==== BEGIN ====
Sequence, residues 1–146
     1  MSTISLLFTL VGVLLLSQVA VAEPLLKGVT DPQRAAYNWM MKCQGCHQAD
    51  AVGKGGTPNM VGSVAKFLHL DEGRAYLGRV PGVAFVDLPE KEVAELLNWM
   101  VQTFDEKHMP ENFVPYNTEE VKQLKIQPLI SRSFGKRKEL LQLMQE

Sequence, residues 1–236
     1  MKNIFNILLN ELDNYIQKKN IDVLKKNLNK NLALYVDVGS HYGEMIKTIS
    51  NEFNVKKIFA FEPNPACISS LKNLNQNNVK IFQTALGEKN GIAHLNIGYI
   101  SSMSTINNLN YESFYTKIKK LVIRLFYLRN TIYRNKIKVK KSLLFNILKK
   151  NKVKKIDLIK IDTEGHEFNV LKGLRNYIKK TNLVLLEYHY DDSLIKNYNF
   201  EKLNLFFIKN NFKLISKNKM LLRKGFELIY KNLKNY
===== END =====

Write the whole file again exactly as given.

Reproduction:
Sequence, residues 1–146
     1  MSTISLLFTL VGVLLLSQVA VAEPLLKGVT DPQRAAYNWM MKCQGCHQAD
    51  AVGKGGTPNM VGSVAKFLHL DEGRAYLGRV PGVAFVDLPE KEVAELLNWM
   101  VQTFDEKHMP ENFVPYNTEE VKQLKIQPLI SRSFGKRKEL LQLMQE

Sequence, residues 1–236
     1  MKNIFNILLN ELDNYIQKKN IDVLKKNLNK NLALYVDVGS HYGEMIKTIS
    51  NEFNVKKIFA FEPNPACISS LKNLNQNNVK IFQTALGEKN GIAHLNIGYI
   101  SSMSTINNLN YESFYTKIKK LVIRLFYLRN TIYRNKIKVK KSLLFNILKK
   151  NKVKKIDLIK IDTEGHEFNV LKGLRNYIKK TNLVLLEYHY DDSLIKNYNF
   201  EKLNLFFIKN NFKLISKNKM LLRKGFELIY KNLKNY